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netflix

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Netflix's Snapchat-esque 30-second mobile previews are coming soon to Android

The concept of trailers for movies and TV shows has existed for longer than time itself, but Netflix is looking to add a bit of modern flair to promote its newest content. Mobile previews, announced today, are vertical videos approximately 30 seconds in length that aim to help customers find something to watch more quickly. The feature is coming soon to Android.

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[Update: New top menu, Chromecast FAB] Netflix unveils refreshed UI with bottom navigation bar in latest update (APK Download)

Back in December, Netflix was running what appeared to be a server-side test of a refreshed UI featuring a bottom navigation bar. Now it seems Netflix is rolling out the new interface to some of its beta users, and we finally have an APK download to share too.

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Google and Netflix collaborate on Lost in Space game for Google Home

As well as having tons of practical uses, Google Home also offers plenty of fun little distractions. You can ask the Assistant to tell you jokes or facts, and even play games with it. Tie-ins were inevitable, and Google joined forces with Netflix for a Stranger Things game last year, in which you could chat with Dustin on his trusty walkie-talkie. Lost in Space is Netflix's latest hit show, and there's a new Google Home game to go with it.

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EU residents now have access to the same online content anywhere in the EU as they do back home, but that's not necessarily a good thing

Anyone who's traveled to another country knows how frustrating it is to be geoblocked from streaming content that's available back at home. Due to licensing restrictions, content providers like Netflix aren't always able to provide the same viewing experience across different countries, and so some countries get access to a worse content library than others. Hypothetically, this shouldn't happen within the European Common Market (to which the European Union belongs), which seeks to "guarantee the free movement of goods, capital, services, and labour," but in reality there's always some gap between theory and practice. However, that begins to change with the EU's Cross-border portability of online content services policy, which went into effect yesterday.

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[Continuously Updated] 2018 April Fools' Roundup: All the jokes from around the web

April Fools' day is almost upon us, but each year at least a few companies are unable to restrain themselves, pushing out their pranks early as the remainder dribble out over the day itself. Google's various divisions do some decent work each year—last year's Google Gnome was itpretty good, and the Maps team's 2014 Pokemon prank was memorable. OnePlus even has a history of pulling off a decent prank. But, there are a ton of individual companies and gags to follow.

It can be tough keeping track, so let us handle the work while you enjoy the jokes.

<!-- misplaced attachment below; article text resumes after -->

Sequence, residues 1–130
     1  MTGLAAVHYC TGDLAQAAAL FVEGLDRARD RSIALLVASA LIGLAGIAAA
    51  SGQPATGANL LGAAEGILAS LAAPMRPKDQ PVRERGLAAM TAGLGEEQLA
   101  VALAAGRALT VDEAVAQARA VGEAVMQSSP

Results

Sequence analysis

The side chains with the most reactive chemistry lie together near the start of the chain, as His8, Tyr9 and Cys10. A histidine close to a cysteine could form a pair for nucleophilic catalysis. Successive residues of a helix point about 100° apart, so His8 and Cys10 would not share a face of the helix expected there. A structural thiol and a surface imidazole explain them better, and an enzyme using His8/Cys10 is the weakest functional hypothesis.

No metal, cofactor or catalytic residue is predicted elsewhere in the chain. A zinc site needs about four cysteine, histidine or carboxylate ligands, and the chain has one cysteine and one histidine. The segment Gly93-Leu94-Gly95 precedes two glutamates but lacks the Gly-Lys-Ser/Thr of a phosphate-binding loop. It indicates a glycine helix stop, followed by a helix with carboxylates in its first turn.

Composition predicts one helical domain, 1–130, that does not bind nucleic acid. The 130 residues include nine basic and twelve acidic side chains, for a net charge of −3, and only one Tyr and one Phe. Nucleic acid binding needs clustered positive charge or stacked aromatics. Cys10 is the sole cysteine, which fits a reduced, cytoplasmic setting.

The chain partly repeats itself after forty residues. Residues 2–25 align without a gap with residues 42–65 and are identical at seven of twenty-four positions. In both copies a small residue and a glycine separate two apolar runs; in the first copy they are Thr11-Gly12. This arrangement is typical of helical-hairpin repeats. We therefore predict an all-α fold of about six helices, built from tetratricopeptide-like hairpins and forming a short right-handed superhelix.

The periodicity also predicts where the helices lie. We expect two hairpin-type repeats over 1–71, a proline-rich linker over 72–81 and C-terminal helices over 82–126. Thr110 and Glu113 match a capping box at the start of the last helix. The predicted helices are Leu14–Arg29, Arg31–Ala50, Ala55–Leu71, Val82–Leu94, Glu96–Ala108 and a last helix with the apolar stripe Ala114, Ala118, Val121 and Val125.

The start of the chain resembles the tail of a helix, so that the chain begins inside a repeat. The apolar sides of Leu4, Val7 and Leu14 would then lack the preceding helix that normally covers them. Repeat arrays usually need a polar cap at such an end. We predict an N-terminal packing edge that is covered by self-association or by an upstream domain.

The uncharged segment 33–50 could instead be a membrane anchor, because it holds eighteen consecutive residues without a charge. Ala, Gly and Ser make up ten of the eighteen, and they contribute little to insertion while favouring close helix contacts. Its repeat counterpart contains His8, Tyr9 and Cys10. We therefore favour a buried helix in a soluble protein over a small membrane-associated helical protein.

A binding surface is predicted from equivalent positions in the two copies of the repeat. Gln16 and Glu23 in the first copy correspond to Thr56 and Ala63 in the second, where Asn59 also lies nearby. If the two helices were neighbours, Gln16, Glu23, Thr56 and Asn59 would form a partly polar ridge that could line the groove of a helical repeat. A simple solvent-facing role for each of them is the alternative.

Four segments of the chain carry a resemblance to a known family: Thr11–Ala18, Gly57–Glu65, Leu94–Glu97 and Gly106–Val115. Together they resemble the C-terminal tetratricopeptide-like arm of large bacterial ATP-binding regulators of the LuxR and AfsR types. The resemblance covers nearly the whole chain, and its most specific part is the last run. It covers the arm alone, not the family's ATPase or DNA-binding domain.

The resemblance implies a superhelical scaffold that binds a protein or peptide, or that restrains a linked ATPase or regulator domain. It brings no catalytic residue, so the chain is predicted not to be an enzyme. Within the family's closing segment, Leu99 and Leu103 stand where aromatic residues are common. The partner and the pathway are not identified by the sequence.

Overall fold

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Netflix adding more granularity and transparency to its parental controls

If you're a parent, you're likely somewhat concerned about the kind of content your kids consume, and you might even try to manage or limit what they can or can't watch. Today, Netflix has said it will begin rolling out some improvements to its parental control tools to make content access more granular and more transparent, helping parents better manage what they want their kids to see.

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OnePlus updating its 5 and 5T to play HD Netflix, but you have to send your phone back to get it

OnePlus' phones are a great value, but they've each individually had a few drawbacks. One negative they all had in common, though, was a DRM deficiency. None of the company's handsets supported the correct Widevine level required for HD playback in Netflix. Distress on the subject came to a head late last year, and OnePlus surprisingly announced that it would add the feature in the future. In a comment on OnePlus' forums today the company confirmed that it was now able to update handsets to support it, but the process will require that you physically send the phone back to OnePlus for the update. 

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MoviePass announces new annual plan, costs nearly as much as monthly plan but includes a free year of Fandor

If you're a frequent patron of your local cinemas, you've likely heard of MoviePass, the service that gives you a movie theater ticket a day (with restrictions, of course) for a monthly cost. If you haven't heard of the service before or aren't generally interested in enduring the inconveniences involved with going to a theater, maybe this will pique your interest: MoviePass has just announced a new annual plan that works out to a slight savings of $0.34 a month. MoviePass is disingenuously claiming this new plan works out to $7.95 per month, but the $19.95 processing fee pushes it up to $9.61 a month.

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Google Assistant now supports voice match for multiple Netflix profiles

Netflix was one of the first video services to add support for Google Assistant, but you could only access the main video profile. That really limited usefulness in households where everyone has their own profile. Now, it looks like Google has flipped a switch to add support for multiple profile access via voice match.

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InBrief
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Netflix bringing HDR10 and Dolby Digital Plus 5.1 support to Razer Phone

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